Vol. 2, Issue 28, July 20, 2004
Random Numbers for All Purposes
DeadBrain UK

Whale Commission Condemns Oil Development, Considers More Drastic Measures

The International Whale Commission declared today that Gray whales in the waters around Russia's Sakhalin Island have had it with oil and gas development in the area and are prepared to resort to "appropriate measures."

"We've been good and patient with these little land-apes, but enough is enough," said Vladimir Krum, regional Gray whale representative from Russian waters. "I don't care if they are endangered."

The Commission passed the resolution on the second day of an acrimonious meeting that has been dominated by the Minke whales' efforts to resume large-scale invasions of Tokyo. Whales and other large sea-creatures took a heavy toll on Japanese cities for years, striding out of the harbor to lay waste to the city, until a ban was imposed by the Commission in 1986.

The Gray whale community was listed as "endangered" in 2000 because of its geographic and genetic isolation and the high unemployment rate. The community has long been relatively impoverished and the humans' refusal to cut the whales in on profits from the oil and gas development has enraged the gray whales, and reignited a long-running debate between warring factions on the Commission about dealing with people.

"I'm telling you, humans are simply not trustworthy business partners," said Cerulean Majesticus, the Pacific Blue whale representative. "Whale communities need to be financially independent if they are to build the infrastructure necessary to fight crime effectively." Other members of the Commission, including the Pacific Northwest orcas, have long disagreed and favored negotiations with humans.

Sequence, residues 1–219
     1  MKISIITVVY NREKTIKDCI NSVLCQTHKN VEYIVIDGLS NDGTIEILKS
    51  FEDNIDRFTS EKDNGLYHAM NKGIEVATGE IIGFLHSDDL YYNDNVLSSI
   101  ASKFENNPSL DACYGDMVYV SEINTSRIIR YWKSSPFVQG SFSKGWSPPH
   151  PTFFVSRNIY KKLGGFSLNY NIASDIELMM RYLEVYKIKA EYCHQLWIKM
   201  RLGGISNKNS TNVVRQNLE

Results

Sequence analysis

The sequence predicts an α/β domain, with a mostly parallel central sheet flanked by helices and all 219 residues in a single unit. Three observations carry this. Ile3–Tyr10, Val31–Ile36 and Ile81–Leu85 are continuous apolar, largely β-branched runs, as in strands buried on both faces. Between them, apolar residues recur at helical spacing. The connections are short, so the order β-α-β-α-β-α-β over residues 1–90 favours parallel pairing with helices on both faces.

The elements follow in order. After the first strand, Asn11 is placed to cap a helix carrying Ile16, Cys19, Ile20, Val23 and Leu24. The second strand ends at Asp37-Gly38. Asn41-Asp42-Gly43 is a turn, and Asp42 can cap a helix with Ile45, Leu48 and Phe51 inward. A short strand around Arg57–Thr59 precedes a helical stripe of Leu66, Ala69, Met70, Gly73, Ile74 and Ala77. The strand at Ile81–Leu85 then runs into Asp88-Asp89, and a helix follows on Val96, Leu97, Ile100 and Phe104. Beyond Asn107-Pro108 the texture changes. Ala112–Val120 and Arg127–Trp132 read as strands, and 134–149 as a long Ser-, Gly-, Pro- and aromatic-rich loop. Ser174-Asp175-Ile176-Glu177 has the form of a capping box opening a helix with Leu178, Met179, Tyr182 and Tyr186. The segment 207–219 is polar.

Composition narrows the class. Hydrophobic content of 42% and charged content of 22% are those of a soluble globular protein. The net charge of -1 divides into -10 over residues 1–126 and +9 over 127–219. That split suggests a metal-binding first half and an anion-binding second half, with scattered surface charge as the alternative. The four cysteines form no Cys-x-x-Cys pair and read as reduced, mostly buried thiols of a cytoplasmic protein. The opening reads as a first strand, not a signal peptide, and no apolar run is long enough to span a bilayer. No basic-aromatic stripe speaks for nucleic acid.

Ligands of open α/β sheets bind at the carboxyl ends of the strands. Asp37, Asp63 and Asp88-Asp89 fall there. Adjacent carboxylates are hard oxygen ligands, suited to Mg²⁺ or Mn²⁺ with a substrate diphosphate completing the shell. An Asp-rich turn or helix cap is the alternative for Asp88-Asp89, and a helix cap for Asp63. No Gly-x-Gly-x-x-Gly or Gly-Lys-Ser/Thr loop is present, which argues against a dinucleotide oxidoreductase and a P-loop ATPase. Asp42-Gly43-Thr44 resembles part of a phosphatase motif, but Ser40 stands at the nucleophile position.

Royal Dutch/Shell Group has faced criticism from some environmental groups because of its oil and gas projects on Sakhalin, but it has steadfastly refused to bring the Gray whales to the negotiating table. Last year, the energy giant said it had developed a new plan for Sakhalin and they "didn't need the whales," who have traditionally offered "protection" services in exchange for drilling rights.

"This resolution is a wake-up call for Shell to pay proper attention to the environment when planning major oil projects," said Susan Lieberman, director of World Wildlife Fund's Global Species Program. "If the Gray whales and the Minkes start working together, they could secure enough votes to overturn the 1986 ban on city-smashing, and then you'll see underwater leviathans terrorizing not only traditional cityscapes such as Tokyo, but Russian and Icelandic cities as well."

The regional Gray whale resolution is seen as the first step towards overturning the 1986 global ban. With two days remaining for the Commission talks, observers are watching carefully for signs that the anger which helped the Gray whale resolution pass is carrying over to other measures as well. Much relies on the Sperm whale delegation, which has traditionally demonstrated support for any belligerent measure but which is notoriously inconsistent in its attendance of Commission meetings.

"Oh, I can't wait for the final votes on Thursday," said Krum. "Those little land-apes have been outrageously disrespectful - they're much too big for their britches. It's time to remind them who the largest mammals really are."


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